UW-Madison installs emergency kits around campus to prevent overdoses

UW-Madison is one of eleven UW-schools who teamed up with the Wisconsin Voices for Recovery to ensure 12 overdose emergency kits were placed in residence halls.
Published: Oct. 18, 2022 at 10:21 PM CDT
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MADISON, Wis. (WMTV) - UW-Madison is one of eleven UW-schools who teamed up with the Wisconsin Voices for Recovery to ensure 12 overdose emergency kits were placed in residence halls and eating facilities on campus.

Michelle Kullmann says her story along with others has helped to bring these emergency kits to campus. Her son passed almost a year ago.

“He had such positive energy-- he would walk into the room and the energy in the room would shift because Cade was there,” Kullmann said.

The mom from Madison received a call no mother wants to hear. She says she recalls the moment she found out about her son overdosing on November 4, 2021, around six in the morning.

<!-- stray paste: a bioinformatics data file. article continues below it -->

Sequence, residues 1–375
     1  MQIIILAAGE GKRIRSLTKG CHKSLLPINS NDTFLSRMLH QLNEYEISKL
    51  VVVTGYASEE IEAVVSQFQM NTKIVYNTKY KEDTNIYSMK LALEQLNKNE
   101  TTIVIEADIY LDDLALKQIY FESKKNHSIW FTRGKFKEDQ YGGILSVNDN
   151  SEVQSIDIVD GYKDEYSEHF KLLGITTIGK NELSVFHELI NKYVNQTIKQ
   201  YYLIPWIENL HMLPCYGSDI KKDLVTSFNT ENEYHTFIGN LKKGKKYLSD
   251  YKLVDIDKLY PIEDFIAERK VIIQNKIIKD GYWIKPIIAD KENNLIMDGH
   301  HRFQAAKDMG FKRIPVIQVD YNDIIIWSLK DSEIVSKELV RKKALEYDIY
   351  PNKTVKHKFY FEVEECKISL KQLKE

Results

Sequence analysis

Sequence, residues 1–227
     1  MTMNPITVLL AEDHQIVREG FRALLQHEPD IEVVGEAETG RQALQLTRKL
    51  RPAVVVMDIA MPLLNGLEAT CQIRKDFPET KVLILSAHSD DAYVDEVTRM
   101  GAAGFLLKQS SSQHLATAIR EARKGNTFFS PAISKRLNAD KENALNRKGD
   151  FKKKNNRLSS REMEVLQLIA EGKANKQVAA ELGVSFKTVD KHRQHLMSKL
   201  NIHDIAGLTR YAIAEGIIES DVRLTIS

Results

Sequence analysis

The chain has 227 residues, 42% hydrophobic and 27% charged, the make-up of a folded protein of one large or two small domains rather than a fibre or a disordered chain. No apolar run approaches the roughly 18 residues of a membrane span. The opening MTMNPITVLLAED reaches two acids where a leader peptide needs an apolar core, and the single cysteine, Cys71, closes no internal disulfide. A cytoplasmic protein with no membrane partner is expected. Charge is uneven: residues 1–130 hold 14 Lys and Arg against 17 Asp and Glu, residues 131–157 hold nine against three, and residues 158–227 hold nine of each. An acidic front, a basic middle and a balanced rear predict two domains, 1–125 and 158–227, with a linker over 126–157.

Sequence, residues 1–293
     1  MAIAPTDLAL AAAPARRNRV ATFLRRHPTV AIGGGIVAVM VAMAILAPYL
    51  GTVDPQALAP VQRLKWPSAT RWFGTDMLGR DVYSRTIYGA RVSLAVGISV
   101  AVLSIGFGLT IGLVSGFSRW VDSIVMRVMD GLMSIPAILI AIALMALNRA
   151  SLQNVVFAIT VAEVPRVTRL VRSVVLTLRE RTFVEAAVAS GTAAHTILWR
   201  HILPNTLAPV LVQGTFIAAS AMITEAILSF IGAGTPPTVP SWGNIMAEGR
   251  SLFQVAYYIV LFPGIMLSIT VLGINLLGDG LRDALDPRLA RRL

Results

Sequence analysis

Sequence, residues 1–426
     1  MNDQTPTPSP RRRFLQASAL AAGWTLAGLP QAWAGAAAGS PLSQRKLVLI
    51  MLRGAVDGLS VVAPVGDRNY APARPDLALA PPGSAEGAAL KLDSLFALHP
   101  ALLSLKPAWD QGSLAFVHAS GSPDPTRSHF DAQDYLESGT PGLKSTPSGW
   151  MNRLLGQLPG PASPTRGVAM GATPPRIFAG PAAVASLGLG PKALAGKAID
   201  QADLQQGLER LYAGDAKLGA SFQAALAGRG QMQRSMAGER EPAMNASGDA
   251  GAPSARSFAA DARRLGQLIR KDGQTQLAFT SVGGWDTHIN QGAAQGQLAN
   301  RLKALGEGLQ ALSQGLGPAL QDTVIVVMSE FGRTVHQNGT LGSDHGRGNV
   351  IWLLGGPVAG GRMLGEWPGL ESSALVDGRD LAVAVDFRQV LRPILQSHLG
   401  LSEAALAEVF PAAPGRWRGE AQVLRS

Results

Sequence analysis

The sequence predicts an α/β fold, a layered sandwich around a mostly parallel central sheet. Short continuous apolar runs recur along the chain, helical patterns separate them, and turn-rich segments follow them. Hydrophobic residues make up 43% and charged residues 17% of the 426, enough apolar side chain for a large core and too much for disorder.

“I got a phone call and I was told Cade OD’d last night. And I was shock and I was like OD’d? Like dead OD’d,” Kullmann said.

Michelle Kullmann’s son Cade attended UW-Milwaukee and passed away from a Percocet pill being laced with fentanyl. Kullmann says her son was struggling with anxiety and depression, but she had no idea of his drug usage.

“You’re in shock, in disbelief, in horror and it made no sense,” Kullmann said.

Another mother who loss her son along with Kullmann worked with former Governor Tommy Thompson to get naloxone nasal spray installed on UW campuses to help reduce overdoses. Tonya Schmidt, director of conduct at UW-Madison and friend of Kullmann says the kits can be lifesaving.

“It is very easy to administer, and it really does not have an effect on a person unless they are experiencing a fentanyl poisoning,” Schmidt said.

Schmidt says her daughter was close with Cade and she knew she could help others.

“My personal life and my professional world collided and I realized I can make a difference and I can help get some of these things on campus to help save some lives,” Schmidt said.

Kullmann says she wants students to be cautious of the effects of substances.

“There is no illicit drug that is safe from being laced with fentanyl. It is in everything,” Kullmann said.

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